Classic Computer Magazine Archive COMPUTE! ISSUE 39 / AUGUST 1983 / PAGE 242


Gerald Chick

This utility draws or erases points on a 64 x 64 grid. The program also lets you examine a point to determine its previous status. Using the example program, you can get a feel for the uses of this short, but effective, programming tool. If you LOAD a program in from cassette, you'll need to re-READ the DATA of VICplot back into the cassette buffer (see lines 1399-1420 and 1510-1560). For the VIC, expanded by 3 or 8K of memory.

"VICplot" is a simple utility for the VIC-20 designed to plot or erase points on a 64 × 64 grid. VICplot's 83-byte program accomplishes three important functions: it allows plotting, erasure, and indicates a point's previous condition.

Functions to draw, erase, or examine a point (similar to Super Expander commands POINT c,x,y and RDOT(x,y)) are included in VICplot. The last function is particularly important. Quite often you will want to know whether a point was lit or not. The sample program uses this function to gather data.

Protecting The Character Set

The character set which makes up the grid is stored in 2K of RAM beginning at 5120 ($1400). This set must be established by BASIC. VICplot is placed in the cassette buffer, so only the character set need be protected from BASIC. If you are using 3K or less expansion, type:

POKE 56,20 :POKE 52,20 :POKE 55,0

With 8K of added RAM, you will have to type:

POKE 44,28 :POKE 7168,0

before you load the program. This sets the start of BASIC above the character set.

The pointer to character memory must also be reset: POKE 36869, 205 for 8K expansion; POKE with 253 for less memory. The sample program has a subroutine at 1400 to load VICplot and draw the screen. Once this is finished, VICplot is ready to use. A few precautions are in order, though.

First, there is no error detection. A too large Y coordinate will plot in the wrong column. Worse than that, a too large X coordinate will be placed beyond the matrix, possibly in BASIC or on the screen. A value of 128 for X will cause a point to appear in your BASIC program around location 9200. Second, don't be surprised at the size of the dots. They are actually two pixels square.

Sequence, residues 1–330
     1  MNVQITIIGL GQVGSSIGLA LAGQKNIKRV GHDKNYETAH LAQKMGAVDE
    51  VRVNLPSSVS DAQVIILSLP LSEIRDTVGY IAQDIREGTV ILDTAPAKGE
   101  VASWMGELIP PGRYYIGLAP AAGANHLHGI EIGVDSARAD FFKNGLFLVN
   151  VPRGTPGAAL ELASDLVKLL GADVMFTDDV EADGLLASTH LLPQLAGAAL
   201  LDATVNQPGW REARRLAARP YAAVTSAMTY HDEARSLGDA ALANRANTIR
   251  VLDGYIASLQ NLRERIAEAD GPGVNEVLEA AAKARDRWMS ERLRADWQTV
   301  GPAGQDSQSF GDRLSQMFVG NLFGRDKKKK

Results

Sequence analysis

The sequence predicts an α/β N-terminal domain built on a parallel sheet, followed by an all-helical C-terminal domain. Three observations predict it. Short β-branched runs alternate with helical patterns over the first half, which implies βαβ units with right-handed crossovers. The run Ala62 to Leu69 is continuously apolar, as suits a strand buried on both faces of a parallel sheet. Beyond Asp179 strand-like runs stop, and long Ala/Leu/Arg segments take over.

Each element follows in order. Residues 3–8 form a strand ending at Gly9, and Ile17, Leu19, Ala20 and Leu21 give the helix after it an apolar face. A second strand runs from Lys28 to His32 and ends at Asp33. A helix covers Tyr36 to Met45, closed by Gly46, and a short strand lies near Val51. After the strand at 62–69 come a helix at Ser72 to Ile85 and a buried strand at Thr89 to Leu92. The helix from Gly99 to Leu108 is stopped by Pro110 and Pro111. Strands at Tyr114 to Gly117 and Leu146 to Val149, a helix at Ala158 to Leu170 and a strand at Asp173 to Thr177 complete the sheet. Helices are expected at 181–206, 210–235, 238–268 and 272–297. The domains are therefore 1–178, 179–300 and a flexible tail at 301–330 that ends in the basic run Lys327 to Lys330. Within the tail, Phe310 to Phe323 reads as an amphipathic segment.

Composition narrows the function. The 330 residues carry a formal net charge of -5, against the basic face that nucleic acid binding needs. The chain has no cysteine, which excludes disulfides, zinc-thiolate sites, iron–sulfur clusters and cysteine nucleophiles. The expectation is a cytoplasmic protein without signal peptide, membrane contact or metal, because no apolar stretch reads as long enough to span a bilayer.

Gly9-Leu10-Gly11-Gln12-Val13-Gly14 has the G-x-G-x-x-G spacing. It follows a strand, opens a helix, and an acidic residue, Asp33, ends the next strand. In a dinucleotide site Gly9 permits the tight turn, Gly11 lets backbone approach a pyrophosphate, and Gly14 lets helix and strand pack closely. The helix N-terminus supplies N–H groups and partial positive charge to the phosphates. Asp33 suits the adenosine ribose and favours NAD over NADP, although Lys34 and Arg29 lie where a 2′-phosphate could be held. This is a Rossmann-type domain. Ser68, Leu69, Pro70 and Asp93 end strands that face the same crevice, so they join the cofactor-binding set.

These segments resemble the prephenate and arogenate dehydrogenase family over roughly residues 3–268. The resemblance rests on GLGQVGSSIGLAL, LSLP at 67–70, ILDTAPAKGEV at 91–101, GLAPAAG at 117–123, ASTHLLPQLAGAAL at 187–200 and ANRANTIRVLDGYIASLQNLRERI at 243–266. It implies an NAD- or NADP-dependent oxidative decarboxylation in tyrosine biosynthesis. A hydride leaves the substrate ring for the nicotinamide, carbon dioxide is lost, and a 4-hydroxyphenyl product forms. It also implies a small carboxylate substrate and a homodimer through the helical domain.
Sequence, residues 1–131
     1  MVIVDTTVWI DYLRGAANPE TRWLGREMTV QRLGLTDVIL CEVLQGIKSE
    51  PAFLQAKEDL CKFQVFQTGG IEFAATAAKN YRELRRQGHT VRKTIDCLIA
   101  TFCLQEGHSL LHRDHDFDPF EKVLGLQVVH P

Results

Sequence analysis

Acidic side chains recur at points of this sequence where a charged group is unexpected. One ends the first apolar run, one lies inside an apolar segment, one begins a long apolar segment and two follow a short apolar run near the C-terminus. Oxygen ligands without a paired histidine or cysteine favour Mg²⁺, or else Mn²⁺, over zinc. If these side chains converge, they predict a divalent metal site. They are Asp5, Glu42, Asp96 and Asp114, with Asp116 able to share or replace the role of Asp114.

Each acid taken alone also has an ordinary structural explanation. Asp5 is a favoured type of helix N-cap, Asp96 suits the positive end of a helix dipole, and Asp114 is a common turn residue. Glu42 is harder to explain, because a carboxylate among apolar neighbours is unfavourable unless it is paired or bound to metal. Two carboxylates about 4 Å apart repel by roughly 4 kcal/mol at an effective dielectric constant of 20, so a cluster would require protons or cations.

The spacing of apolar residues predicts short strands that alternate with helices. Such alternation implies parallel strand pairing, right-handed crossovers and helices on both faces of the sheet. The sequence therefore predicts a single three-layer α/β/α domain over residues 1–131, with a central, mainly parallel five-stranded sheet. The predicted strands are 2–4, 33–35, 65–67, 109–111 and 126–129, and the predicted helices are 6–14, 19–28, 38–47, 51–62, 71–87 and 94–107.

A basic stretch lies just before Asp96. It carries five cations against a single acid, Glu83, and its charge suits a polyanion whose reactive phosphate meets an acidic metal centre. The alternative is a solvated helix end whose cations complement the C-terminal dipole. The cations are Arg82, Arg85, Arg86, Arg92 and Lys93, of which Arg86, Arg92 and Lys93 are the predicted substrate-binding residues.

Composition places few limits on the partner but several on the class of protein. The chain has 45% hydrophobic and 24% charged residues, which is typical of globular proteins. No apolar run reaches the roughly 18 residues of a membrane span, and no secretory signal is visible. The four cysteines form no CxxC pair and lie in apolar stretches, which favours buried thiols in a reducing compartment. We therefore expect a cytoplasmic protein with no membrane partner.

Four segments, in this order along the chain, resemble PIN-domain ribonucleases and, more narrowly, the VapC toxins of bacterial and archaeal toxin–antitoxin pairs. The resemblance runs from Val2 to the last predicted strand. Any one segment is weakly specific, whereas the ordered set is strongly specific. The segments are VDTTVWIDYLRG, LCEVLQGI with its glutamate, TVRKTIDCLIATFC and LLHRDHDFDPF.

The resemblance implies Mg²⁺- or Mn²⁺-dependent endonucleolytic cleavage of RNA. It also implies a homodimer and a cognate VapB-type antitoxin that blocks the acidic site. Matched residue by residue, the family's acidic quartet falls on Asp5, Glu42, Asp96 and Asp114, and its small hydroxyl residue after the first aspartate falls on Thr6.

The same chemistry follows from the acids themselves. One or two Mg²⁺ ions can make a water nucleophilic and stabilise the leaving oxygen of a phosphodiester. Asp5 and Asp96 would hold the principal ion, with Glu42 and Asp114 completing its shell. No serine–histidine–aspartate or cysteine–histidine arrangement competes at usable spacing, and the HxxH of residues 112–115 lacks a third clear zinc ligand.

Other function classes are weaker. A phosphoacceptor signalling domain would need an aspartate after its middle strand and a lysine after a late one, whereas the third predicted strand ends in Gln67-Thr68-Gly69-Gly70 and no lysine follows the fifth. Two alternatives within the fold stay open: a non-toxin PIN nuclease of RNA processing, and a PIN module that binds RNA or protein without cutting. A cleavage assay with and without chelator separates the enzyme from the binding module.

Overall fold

Plotting Points With A Sample Program

To access VICplot, the X and Y coordinates should be placed in locations 251 and 252, respectively. To plot this point, place a one in location 253. To erase, place a zero there. Now call VICplot with SYS 832. Voilà! Location 251 now holds the status flag. It can be read with

F= -(PEEK (251) =0).

If F = 1 then the point was lit previously. A zero indicates it was dark.

A point can be lit in one of three colors (character, border, or auxiliary) set by the user. The color used is determined by the following table, which shows the value for each color. The data for this table is in line 1500 of the sample program.

The sample program is a good demonstration of how VICplot works. Two areas are selected, and 4000 random points are plotted on each. If a chosen point is already lit, a counter is incremented. Ten samples are taken of this count, and a bar graph is drawn to compare each trial. The bars are numbered, and the graph is scaled by hundreds.

The program is written for the 8K expander. To work in less memory, the POKEs for screen and color will have to be changed. The many REMarks should help you understand all the elements of this handy program.

VICplot Color Table
COLOR: Screen Border Char. Aux.
828 0 1 2 3
829 0 4 8 12
830 0 16 32 48
831 0 64 128 192
033C 00 01 02 03
033D 00 04 08 0C
033E 00 10 20 30
033F 00 40 80 C0